Orange County Business Journal

Busy Moms’ Accessory: Entrepreneurial Spirit

MARKETING: Yorba Linda pair carve direct-sales niche Kari Hamanaka Sunday, March 24, 2013
Hillman, DeSantis-Cummings: met at kids’ soccer game

Hillman, DeSantis-Cummings: met at kids’ soccer game

The founders of Yorba Linda purse and accessories company Gigi Hill Inc. bonded 10 years ago on the sidelines of a soccer field during their daughters’ games.

That’s where President Monica Hillman and Chief Executive Gabrielle DeSantis-Cummings got the idea to start their company, which is projected to nearly double in sales this year to $20 million, thanks to a growing roster of about 2,000 independent sales representatives—the company calls them “stylists”—and an expanding product lineup.

“We talked business while talking about our kids, and ultimately we decided to join forces,” DeSantis-Cummings said.

Gigi Hill does business in the direct-selling channel—which saw U.S. sales up about 5% in 2011 to $29.9 billion, according to the most recent data from the Washington, D.C.-based Direct Selling Association. Companies in that segment make their products and sell them directly to consumers.

The Business Journal estimates the company had $10 million in sales last year.

Direct Sellers, Market

The direct-selling segment of the retail industry includes Tustin-based jewelry company Cookie Lee Inc., with sales of more than $200 million. The Pampered Chef Ltd. of Addison, Ill., has more than $500 million in revenue. Then there’s New York-based Avon Products Inc., with more than $11 billion in sales.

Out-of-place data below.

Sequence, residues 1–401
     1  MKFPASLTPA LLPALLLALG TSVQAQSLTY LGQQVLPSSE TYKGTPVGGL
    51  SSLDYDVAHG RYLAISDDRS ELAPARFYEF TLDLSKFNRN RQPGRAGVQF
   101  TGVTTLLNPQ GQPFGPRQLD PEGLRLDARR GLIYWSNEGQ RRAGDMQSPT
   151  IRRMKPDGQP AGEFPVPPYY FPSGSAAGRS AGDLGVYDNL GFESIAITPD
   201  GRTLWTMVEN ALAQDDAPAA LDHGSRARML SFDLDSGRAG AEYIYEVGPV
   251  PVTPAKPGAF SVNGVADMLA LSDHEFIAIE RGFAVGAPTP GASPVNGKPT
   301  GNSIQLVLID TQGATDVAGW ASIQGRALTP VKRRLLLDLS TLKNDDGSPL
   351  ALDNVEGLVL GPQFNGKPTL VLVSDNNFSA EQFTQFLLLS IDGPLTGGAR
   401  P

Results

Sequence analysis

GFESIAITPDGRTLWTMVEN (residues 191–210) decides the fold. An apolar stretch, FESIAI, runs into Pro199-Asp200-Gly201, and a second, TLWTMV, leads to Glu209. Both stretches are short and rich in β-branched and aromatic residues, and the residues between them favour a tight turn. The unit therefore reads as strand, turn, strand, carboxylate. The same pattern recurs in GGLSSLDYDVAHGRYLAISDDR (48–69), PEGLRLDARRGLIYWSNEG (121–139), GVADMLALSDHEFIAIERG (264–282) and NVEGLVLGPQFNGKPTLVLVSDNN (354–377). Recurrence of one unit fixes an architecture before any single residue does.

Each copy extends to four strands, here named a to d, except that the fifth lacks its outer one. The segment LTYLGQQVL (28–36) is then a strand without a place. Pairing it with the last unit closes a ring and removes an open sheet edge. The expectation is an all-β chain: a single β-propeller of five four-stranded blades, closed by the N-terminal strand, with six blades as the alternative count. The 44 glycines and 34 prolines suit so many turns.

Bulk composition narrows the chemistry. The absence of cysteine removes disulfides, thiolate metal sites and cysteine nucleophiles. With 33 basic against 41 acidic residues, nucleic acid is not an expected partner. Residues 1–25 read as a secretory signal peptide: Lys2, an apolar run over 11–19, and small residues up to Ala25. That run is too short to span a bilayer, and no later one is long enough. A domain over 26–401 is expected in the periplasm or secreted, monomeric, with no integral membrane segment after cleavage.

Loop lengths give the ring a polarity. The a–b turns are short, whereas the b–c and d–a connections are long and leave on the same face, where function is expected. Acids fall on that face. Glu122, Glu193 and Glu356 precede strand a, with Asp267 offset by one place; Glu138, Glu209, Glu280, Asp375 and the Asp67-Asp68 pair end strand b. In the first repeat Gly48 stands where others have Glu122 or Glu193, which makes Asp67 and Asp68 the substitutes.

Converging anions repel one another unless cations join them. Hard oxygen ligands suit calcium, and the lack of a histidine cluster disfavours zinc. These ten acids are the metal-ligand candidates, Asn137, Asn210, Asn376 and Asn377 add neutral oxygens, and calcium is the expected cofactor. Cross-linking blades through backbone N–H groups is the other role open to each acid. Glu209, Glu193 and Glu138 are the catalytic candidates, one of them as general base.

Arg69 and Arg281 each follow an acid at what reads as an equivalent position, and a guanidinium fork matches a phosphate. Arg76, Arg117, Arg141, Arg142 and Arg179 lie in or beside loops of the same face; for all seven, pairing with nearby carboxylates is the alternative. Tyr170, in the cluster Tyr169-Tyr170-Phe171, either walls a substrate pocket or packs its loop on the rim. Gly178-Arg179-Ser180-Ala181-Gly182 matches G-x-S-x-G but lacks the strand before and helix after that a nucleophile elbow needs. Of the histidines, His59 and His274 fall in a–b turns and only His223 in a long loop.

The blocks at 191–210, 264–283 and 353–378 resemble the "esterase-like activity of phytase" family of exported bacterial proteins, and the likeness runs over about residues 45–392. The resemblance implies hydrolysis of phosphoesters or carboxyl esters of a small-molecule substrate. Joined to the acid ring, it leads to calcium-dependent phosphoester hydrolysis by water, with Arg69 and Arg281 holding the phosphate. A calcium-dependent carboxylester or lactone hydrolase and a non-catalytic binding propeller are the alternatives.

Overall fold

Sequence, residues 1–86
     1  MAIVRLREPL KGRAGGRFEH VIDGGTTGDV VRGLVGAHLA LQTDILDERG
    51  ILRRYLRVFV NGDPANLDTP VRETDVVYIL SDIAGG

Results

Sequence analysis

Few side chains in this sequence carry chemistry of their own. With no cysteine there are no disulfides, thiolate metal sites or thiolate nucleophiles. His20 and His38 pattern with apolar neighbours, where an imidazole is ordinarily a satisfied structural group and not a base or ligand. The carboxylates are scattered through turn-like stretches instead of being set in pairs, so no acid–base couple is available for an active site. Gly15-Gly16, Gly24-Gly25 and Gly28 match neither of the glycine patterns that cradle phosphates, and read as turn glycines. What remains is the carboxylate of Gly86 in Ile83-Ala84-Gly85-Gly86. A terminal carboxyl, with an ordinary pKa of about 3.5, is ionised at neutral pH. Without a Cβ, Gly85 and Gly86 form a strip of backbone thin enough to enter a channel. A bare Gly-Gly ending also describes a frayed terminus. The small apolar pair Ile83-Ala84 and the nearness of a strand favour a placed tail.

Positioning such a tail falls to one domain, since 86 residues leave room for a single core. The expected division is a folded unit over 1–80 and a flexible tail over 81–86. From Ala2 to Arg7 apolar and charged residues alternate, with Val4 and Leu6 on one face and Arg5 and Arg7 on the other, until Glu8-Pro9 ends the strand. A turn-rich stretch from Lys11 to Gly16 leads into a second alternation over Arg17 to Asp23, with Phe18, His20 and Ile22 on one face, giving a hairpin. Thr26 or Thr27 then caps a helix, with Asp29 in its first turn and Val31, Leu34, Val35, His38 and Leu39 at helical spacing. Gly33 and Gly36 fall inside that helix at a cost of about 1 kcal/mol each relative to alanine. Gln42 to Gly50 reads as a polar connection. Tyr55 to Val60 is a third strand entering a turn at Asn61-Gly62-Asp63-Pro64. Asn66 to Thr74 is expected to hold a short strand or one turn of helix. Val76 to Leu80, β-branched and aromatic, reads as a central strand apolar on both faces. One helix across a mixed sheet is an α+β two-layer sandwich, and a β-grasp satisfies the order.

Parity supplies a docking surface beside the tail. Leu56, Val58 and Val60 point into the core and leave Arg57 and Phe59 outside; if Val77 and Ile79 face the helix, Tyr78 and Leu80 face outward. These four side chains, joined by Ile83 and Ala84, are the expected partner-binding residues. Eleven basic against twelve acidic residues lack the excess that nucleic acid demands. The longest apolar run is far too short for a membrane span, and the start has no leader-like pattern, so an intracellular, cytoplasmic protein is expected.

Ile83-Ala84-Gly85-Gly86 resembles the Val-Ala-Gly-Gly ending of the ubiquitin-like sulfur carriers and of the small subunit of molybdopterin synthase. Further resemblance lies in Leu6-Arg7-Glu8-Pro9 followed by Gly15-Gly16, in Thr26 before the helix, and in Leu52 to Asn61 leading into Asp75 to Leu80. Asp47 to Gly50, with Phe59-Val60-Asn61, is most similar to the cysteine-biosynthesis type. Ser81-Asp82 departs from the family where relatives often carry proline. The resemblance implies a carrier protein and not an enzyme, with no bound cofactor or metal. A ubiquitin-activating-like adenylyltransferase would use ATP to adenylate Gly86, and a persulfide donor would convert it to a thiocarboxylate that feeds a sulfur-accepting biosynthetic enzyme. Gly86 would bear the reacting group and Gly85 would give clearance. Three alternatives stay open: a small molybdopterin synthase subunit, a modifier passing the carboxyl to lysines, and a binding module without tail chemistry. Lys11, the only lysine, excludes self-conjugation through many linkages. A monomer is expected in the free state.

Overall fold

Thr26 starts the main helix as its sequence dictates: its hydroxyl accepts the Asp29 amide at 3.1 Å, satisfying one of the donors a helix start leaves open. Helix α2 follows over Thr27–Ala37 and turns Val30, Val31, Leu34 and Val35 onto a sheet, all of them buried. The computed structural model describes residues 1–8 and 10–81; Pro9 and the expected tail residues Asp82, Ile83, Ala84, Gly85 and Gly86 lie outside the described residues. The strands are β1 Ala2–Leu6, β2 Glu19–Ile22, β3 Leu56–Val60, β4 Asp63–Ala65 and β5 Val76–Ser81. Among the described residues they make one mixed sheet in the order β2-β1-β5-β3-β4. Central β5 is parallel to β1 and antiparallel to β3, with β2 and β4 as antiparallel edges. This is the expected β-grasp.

Gigi set out to find room in the market with tote bags and has since grown to about 500 items ranging from business-card holders to rolling luggage with prices between $5 and $259.

It counts 29 workers at its Yorba Linda headquarters.

Salespeople hold house parties or other gatherings, where they sell products to friends and relatives.

Hillman and DeSantis-Cummings say they chose the direct-selling model almost right from the start.

“We stuck our toe in retail for about half a day,” DeSantis-Cummings said. “We went to a retail trade show, and about halfway through the day, we said, ‘no.’ We knew we were in the right place with direct sales. We are busy women. We have families. We have commitments. We wanted to create a business that worked with our lifestyle, and that’s what we set out to do, and that’s what we created.”

The two began researching the direct-sales model in 2005 and launched their first house party a year later.

The next couple of years were spent refining the parties and the company’s products.

In 2008, Gigi Hill found an angel investor who put $250,000 into the company at a time when it had about $80,000 in sales. The funding helped take the company national the following year.

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